Ramadan Mass Gatherings Face Restrictions as COVID Surges in Turkey

Turkey has reimposed lockdown restrictions for the Muslim holy month of Ramadan after a sharp increase in COVID-19 infections, Turkish President Recep Tayyip Erdogan announced Monday night.

"We will have to make some sacrifices during the month of Ramadan," Erdogan said in a televised address. Mass gatherings for meals before sunrise and after sunset will be banned during Ramadan, which starts on April 13. Restaurants and bars will be permitted to serve takeout and nighttime curfew across Turkey will remain in place.

The infection rate has spiked since Turkey pulled back COVID-19 restrictions and divided the country's 81 provinces into four color-coded categories based on the number of cases. As of March 2, only 17 provinces were in the "red" category and Turkey reported about 65 deaths per day, the Associated Press reported.

By Monday, that number had increased to 58, or 80 percent of the population, Erdogan said. The number of deaths had risen to 150 per day.

Turkey reimposed COVID-19 restrictions amid the Ramadan holiday following a sharp increase in infections. In the photo, customers eat at a restaurant in Besiktas in Istanbul on March 2, 2021, after the country lifted restrictions measures against the COVID-19 pandemic in regions with lower infection rates. OZAN KOSE/AFP via Getty Images

For more reporting from The Associated Press, see below.

The Turkish Medical Association meanwhile, blamed the increase in infections on inadequate contact-tracing, the government's reluctance to impose measures in a timely manner out of economic concerns as well as the premature relaxing of the restrictions.

"We, as healthcare professionals and society, are paying for these wrong policies," the group said on Twitter.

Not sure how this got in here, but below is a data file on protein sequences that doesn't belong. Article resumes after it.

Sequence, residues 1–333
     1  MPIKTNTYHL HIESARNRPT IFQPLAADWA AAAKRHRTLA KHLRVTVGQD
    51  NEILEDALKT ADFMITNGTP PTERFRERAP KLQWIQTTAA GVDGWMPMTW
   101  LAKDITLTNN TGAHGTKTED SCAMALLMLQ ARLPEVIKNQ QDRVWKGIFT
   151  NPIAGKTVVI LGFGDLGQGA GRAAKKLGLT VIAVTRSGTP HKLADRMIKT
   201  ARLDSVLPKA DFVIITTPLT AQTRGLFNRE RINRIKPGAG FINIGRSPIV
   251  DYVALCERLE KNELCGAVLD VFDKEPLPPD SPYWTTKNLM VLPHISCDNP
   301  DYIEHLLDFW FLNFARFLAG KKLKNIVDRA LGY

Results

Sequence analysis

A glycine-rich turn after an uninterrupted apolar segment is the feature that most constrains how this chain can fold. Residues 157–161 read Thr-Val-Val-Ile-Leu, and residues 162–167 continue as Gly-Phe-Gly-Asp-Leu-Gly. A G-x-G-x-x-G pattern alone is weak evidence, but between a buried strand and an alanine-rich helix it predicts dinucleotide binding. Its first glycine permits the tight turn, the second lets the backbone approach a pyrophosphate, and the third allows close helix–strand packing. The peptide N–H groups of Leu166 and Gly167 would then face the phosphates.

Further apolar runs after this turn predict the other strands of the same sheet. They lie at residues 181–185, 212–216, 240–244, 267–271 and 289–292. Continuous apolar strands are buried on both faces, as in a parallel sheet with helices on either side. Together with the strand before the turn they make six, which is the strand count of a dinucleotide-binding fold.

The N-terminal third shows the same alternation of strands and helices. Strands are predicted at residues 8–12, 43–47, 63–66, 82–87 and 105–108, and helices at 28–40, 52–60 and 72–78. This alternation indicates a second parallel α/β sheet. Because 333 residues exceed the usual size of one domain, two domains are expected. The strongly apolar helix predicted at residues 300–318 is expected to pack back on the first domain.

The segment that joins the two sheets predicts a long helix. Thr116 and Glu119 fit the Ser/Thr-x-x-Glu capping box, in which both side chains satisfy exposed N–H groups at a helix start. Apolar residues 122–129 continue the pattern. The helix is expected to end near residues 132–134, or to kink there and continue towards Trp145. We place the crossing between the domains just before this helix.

Erdogan has come under intense criticism for holding his ruling party's congresses inside packed sport complexes across the country, despite a new surge of COVID-19 cases. He has been accused of double standards for disregarding the government's own social distancing rules. In one such event, Erdogan boasted about the size of the crowds.

Critics say the political rallies have likely contributed to the surge. Health Minister Fahrettin Koca told reporters Tuesday that he saw no benefit in "keeping the issue on the agenda."

Variants of the initial coronavirus now account for around 75% of the cases in Turkey, he said.

The minister also said Turkey has received 2.8 million doses of the Pfizer-BioNtech vaccine and is set to receive 1.7 million more within the next 10 days.

Turkey rolled out its inoculation program in January with the vaccine developed by China's Sinovac company. More than 15 million shots have been administered so far. Around 6.7 million people have received two doses.

On Monday, the country reported around 32,400 infections. The total number of cases in the country since the start of the outbreak last year stands at more than 3.2 million. The COVID-19 death toll has reached more than 31,000.